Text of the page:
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The Nanny Diaries

Movie Info


PG-13 for some foul language and mature themes




August 24, 2007


Scarlett Johansson, Laura Linney, Paul Giamatti, Nicolas Reese Art, Alicia Keys, Chris Evans, and Donna Murphy


Shari Springer Berman and Robert Pulcini


MGM/Sony Pictures Entertainment (USA)


Please Note

In providing movie reviews on our site, is not endorsing or recommending films we review. Our goal is to provide Christians with information about the latest movies, both the good and the bad, so that our readers may make an informed decision as to whether or not films are appropriate for them and their families.


The Nanny Diaries

Movieguide Magazine - The Nanny Diaries is a clever, funny, heartbreaking, ultimately inspiring movie about parents, children, marriage, romance, love, and life. One of its few drawbacks is its PG-13 rating, which means that it has some foul language and mature themes, though not salaciously so.

The movie stars Scarlett Johansson as Annie Braddock (who narrates the story), a New Jersey woman who has graduated college as a finance major, with a minor in anthropology. Judy, Annie’s mother, wants Annie to go into finance, but Annie’s first love is anthropology. Her first job interview question in Manhattan’s finance district is, “Who is Annie Braddock?” Annie finds that she has no idea who she is and, panicked, runs out of the interview.

Annie sits on a Central Park bench pondering the question posed to her. Suddenly, she springs to action to save a young boy from being run down by a mechanical scooter. The boy’s mother, a high-class woman from the Upper East Side, profusely thanks Annie. She invites Annie to be her boy’s new nanny and gives Annie her card. Suddenly, Annie is inundated by cards from other desperate mothers in the park.

Annie accepts the first woman’s offer and narrates her experiences tending to the woman’s boy, Grayer. Annie treats her story as if it were an anthropological study. For instance, she calls the woman and her husband Mr. and Mrs. X and thinks of the characters as a life-sized diorama exhibit in a museum.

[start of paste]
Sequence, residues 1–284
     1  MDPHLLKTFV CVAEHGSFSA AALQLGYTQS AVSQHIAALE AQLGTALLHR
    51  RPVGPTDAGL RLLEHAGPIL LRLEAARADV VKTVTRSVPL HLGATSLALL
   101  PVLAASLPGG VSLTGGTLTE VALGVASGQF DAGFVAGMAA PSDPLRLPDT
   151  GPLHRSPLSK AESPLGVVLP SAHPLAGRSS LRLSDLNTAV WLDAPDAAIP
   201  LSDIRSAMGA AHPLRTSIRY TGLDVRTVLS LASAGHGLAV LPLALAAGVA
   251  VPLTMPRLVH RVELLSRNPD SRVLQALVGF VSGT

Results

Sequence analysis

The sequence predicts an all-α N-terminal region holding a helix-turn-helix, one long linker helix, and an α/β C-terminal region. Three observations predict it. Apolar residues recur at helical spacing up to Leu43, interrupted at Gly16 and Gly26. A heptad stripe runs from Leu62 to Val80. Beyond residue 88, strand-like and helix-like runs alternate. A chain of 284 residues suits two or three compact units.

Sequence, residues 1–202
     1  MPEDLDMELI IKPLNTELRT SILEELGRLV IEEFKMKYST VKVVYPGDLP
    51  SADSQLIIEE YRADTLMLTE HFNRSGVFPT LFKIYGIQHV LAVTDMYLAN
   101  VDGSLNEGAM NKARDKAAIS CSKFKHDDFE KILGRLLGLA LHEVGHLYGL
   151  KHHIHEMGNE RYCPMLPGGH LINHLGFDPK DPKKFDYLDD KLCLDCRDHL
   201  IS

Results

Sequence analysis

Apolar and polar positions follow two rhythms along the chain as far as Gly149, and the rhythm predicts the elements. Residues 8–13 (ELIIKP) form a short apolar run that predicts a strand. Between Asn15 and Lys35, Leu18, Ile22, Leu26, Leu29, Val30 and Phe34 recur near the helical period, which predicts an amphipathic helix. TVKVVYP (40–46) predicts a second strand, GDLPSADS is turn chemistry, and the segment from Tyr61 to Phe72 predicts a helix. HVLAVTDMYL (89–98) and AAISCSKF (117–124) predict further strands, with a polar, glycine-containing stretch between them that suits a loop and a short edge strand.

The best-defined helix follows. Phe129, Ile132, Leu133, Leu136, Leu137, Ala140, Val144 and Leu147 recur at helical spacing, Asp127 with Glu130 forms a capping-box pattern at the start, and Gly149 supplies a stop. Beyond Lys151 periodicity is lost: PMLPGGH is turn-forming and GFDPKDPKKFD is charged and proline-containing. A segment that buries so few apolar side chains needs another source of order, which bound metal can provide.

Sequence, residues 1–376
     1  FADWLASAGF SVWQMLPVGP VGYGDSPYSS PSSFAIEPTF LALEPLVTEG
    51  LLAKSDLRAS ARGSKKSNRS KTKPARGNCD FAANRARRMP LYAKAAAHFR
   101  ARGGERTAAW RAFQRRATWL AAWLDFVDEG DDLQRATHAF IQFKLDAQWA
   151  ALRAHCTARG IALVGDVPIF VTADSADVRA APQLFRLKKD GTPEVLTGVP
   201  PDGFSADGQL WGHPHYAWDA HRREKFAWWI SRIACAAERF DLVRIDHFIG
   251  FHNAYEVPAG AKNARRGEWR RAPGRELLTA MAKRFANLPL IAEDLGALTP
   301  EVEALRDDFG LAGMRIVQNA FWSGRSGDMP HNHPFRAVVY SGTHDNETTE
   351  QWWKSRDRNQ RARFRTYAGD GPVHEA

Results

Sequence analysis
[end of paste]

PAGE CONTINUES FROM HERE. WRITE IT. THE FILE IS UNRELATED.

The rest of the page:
Annie finds out that Mr. and Mrs. X couldn’t care less about their poor son. In fact, Mr. X doesn’t really care all that much for Mrs. X anymore.

The rest of the movie shows Annie’s struggles with these absentee parents. As her compassion for the little boy grows, Annie becomes aware that her commitment to his happiness and growth has trapped her in a relationship with two adults whom she can’t stand. Mr. X’s philandering and bullying lead to some significant decisions.

The Nanny Diaries is brilliantly done. It has the right balance of comedy, pathos, wit, drama, and charm. The actors inhabit their characters perfectly, making them seem like real people you could meet on the street.

The Nanny Diaries will make you laugh, cry, and think. It has several positive messages. It encourages viewers to love and support the people around them, especially family members. It also tells parents to take the time to care for and know their children. Furthermore, it also shows that money doesn’t bring happiness or love. Best of all, perhaps, it shows that children are our most precious resource.

The movie contains plenty of foul language, however, including one “f” word and a few strong profanities. Also, the movie has a negative view of most men and most rich people. Balancing out this stereotype is the character of a handsome rich young man Annie meets who is a really nice guy. Finally, Annie lies to her mother about getting a job as a nanny because her mother wants her to go into the business world instead of pursuing her dream job as an anthropologist.

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NOTE from Dr. Ted Baehr, publisher of Movieguide Magazine. For more information from a Christian perspective, order the latest Movieguide Magazine by calling 1-800-899-6684(MOVI) or visit our website at Movieguide is dedicated to redeeming the values of Hollywood by informing parents about today's movies and entertainment and by showing media executives and artists that family-friendly and even Christian-friendly movies do best at the box office year in and year out. Movieguide now offers an online subscription to its magazine version, at The magazine, which comes out 25 times a year, contains many informative articles and reviews that help parents train their children to be media-wise consumers.
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